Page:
White Sox7878837978
There’s a consensus that the Central will be won by a low total; the Cleveland prediction of 90 wins by podcast guest Bryan Joiner was the highest of any pick in this division. BttP and Fangraphs also picked Cleveland for the division, with Detroit a close second. PECOTA again disagrees, with Detroit first, although it is significantly down on all of the top three teams. EW guests were almost universally more positive than every other projection here, with the only total higher than any podcast guest coming from BttP’s AD & Mark Sands in their joint Tigers preview. Minnesota is slated for a last-place finish no matter who you ask, with only PECOTA putting them within even a couple of wins of fourth place.

What EW Listeners Said: The Tigers are far more favoured by EW fans on the whole, with 115 (75.2%) taking the over on 82 wins while Cleveland’s 81-win projection was deemed to be perhaps only slightly low, with 46.4% of the group predicting a higher total, against 37.9% taking the under. Kansas City (74.5%) and Chicago (56.9%) were both considered to be more likely to exceed their projection, while even a 70-win mark was thought to be too optimistic for Minnesota by more than half, suggesting that BttP’s 68-win prediction would be more to the liking of at least those 83 listeners. Detroit was named as division winner by 81 listeners, with Chicago and Cleveland in a dead heat at 30 votes each.

AL West

TeamPECOTA Feb 6thPECOTA Mar 31stEssayBttPFangraphs
A two-horse race as far as most predictions are concerned, with the Angels or Mariners taking the crown. This was one of the rare occasions when an EW guest found themselves significantly lower on a team than the others, as Patrick Dubuque put Seattle a full seven wins below the second-lowest projection of PECOTA. Fangraphs has the only projection with Seattle winning the division, but BttP put them just one win behind Los Angeles. There will also be a tight race to see which is the worst team in Texas if the difference of opinion here is any indication; PECOTA and the podcast guests delivered a Rangers over Astros projection, while Fangraphs had a significant reverse in Houston’s favour and BttP pegged them each for 80 wins.

What EW Listeners Said: This is more of a three-team struggle in the collective opinion of the listeners, with the under taken firmly in the case of the Angels at 90 wins (58.2%) and marginally in the case of the Mariners at 87 (43.1%), with a slight lean to the over for the Athletics (41.8%). All three teams finishing with 85 or 86 wins would presumably not be a surprise to the Facebook group. They also expect a much bigger gap between those three and the Texas teams, with opinion clearly on the side of the Astros returning to the basement after the Rangers’ 2014 disaster (although this poll was taken before Yu Darvish had Tommy John surgery). Despite the quantity of listeners taking the under on Los Angeles, 85 still picked them for the division, comfortably ahead of Seattle’s 47 backers.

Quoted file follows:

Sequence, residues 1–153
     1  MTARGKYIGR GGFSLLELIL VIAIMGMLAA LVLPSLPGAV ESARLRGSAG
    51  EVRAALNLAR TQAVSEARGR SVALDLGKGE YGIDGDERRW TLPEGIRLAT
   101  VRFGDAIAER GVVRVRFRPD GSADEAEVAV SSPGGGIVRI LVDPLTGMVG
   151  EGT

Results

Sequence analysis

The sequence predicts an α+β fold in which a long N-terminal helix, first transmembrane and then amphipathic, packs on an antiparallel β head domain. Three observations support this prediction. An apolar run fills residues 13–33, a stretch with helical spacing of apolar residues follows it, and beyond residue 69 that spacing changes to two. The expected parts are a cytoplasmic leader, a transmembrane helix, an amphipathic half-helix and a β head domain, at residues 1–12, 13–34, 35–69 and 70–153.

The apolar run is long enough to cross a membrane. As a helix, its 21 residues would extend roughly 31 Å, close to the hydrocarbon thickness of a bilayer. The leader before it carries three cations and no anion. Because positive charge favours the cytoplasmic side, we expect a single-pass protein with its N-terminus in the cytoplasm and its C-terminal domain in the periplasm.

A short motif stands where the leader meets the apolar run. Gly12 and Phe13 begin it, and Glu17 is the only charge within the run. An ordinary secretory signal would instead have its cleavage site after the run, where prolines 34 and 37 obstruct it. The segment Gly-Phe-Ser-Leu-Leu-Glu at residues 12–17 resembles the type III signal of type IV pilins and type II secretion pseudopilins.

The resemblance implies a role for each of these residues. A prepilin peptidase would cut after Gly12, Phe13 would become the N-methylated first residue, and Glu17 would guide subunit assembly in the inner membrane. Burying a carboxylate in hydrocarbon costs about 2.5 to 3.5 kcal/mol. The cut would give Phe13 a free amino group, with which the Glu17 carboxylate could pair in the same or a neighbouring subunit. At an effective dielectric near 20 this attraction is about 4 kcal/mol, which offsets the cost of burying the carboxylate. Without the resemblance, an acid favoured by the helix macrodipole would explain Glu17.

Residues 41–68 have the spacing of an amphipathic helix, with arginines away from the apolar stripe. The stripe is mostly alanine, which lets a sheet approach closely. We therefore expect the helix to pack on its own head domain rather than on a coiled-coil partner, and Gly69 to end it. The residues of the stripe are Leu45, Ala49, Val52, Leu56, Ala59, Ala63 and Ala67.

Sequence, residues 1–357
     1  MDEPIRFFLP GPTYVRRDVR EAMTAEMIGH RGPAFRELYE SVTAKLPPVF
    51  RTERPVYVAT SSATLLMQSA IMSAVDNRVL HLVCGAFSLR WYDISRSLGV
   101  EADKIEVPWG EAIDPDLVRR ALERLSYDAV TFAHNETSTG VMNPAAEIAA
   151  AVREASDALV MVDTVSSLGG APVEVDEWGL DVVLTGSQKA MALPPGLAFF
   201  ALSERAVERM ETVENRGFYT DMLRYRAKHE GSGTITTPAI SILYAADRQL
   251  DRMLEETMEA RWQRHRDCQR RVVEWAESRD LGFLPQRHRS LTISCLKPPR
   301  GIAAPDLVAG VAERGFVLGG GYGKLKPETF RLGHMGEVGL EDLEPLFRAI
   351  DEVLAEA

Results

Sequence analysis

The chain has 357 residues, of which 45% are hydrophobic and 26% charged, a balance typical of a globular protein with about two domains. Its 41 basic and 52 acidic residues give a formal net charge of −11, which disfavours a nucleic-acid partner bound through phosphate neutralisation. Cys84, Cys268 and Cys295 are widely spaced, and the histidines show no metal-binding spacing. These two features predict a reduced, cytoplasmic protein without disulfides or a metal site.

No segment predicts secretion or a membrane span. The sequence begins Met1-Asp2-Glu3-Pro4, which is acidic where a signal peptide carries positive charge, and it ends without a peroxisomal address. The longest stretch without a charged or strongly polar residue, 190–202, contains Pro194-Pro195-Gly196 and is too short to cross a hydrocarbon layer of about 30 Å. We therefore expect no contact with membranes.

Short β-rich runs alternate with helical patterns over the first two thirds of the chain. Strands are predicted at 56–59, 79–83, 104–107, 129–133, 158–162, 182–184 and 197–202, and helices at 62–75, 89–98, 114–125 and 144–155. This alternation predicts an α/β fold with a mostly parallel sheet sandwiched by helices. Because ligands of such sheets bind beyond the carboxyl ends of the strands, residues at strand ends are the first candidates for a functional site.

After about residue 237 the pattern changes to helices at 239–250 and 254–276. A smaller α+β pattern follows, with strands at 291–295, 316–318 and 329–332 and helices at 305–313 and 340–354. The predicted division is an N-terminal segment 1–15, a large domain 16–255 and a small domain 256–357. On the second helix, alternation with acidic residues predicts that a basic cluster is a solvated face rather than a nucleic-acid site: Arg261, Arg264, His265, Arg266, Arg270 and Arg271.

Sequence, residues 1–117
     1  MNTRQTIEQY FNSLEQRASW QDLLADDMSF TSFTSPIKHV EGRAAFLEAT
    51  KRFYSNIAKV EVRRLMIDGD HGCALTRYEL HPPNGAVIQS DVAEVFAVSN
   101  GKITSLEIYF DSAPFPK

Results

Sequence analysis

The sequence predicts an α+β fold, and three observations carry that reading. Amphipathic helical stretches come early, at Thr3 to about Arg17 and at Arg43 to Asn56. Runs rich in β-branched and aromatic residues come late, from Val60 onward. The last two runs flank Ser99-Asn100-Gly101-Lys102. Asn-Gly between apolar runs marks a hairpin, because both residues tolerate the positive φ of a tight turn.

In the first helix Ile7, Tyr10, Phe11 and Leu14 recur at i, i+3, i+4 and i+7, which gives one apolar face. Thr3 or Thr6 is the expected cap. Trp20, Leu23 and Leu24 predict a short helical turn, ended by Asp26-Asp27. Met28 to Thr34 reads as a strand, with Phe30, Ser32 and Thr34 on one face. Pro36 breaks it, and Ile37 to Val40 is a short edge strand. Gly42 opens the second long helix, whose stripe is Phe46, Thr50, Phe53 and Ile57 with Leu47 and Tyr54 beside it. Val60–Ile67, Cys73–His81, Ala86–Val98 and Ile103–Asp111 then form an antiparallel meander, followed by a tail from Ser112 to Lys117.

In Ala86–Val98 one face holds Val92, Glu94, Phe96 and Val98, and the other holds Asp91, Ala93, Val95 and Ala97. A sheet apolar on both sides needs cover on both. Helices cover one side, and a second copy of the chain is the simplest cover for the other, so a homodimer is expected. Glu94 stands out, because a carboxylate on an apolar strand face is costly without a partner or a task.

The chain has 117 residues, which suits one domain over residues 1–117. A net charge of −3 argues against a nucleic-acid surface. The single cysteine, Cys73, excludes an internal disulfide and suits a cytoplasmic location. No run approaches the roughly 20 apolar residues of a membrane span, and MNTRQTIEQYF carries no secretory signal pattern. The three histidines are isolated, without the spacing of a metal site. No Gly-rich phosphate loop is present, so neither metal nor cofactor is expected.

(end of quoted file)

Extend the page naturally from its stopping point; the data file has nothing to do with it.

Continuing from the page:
NL East

TeamPECOTA Feb 6thPECOTA Mar 31stEssayBttPFangraphs
If you like unpredictability, this appears to be the most boring division in baseball. Everyone thinks the Nationals will be great (absurdly so if Paul Cline is to be believed), the Braves will be terrible and the Phillies will be even worse. The only real question is if the Mets or Marlins will take second place, a contest in which only EW guests Ted Berg and Bryan Grosnick predicted any significant kind of separation, Berg putting the Mets at 6 wins more than Grosnick’s Marlins projection.

What EW Listeners Said: The listeners do like the Marlins but don’t like the Mets, with 60% taking the over on 81 wins for Miami and 51.6% also picking the Mets to finish .500 or below. Washington reaching 92 or above was considered unlikely by only 24.8%, while PECOTA’s 70-win Phillies projection was regarded as either accurate or too high by 85% of respondents. The Braves were also regarded as slightly more likely to finish under 73 wins, although over 20% agreed with that number. To underline how utterly predictable everyone thinks this division is, Washington received 149 votes for first place, with 3 going to the Mets and one voter (a disgruntled Phillies fan?) mysteriously refusing to pick.

NL Central

TeamPECOTA Feb 6thPECOTA Mar 31stEssayBttPFangraphs
The biggest departure from PECOTA comes in the NL Central in the form of the Pirates, as Sarah Sprague’s 95-win prediction was fifteen wins over PECOTA’s early mark. The BP system has come up a win but still comfortably lags behind all the other totals. Sprague’s bold stance still wasn’t enough to put the Pirates top of the Central, as Howard Megdal topped her with 96. The Cardinals win the division from the Pirates in every set but PECOTA, while there is also broad agreement on the Cubs, who ended up with a mildly optimistic total from all quarters (including a 3-win jump in the second PECOTA projection), and the Brewers, who are rated as essentially a .500 team by all. After years of allegedly being passed over for discussion on the podcast, Reds fans won’t feel any better about Cincinnati ending up in last place by almost everyone’s reckoning, but BttP’s Barry Gilpin did buck the trend by putting them at 83 wins.

What EW Listeners Said: Many listeners may have found PECOTA’s Pirates projection more outlandish than Sprague’s, with around 80% taking the over. 89 wins was deemed around the right range for the Cardinals, with nearly a quarter – the highest total in the ‘agree’ bin – picking that number exactly and a  lean towards the under from the rest. Just over half of listeners thought 82 wins wasn’t enough for the Cubs, while the group feels Milwaukee (51%) and Cincinnati (62.7%) are heading firmly in the other direction. St. Louis received 109 votes for first place, with the 25 voters propelling the Cubs’ hype wagon into second place ahead of the 15 who like the Pirates.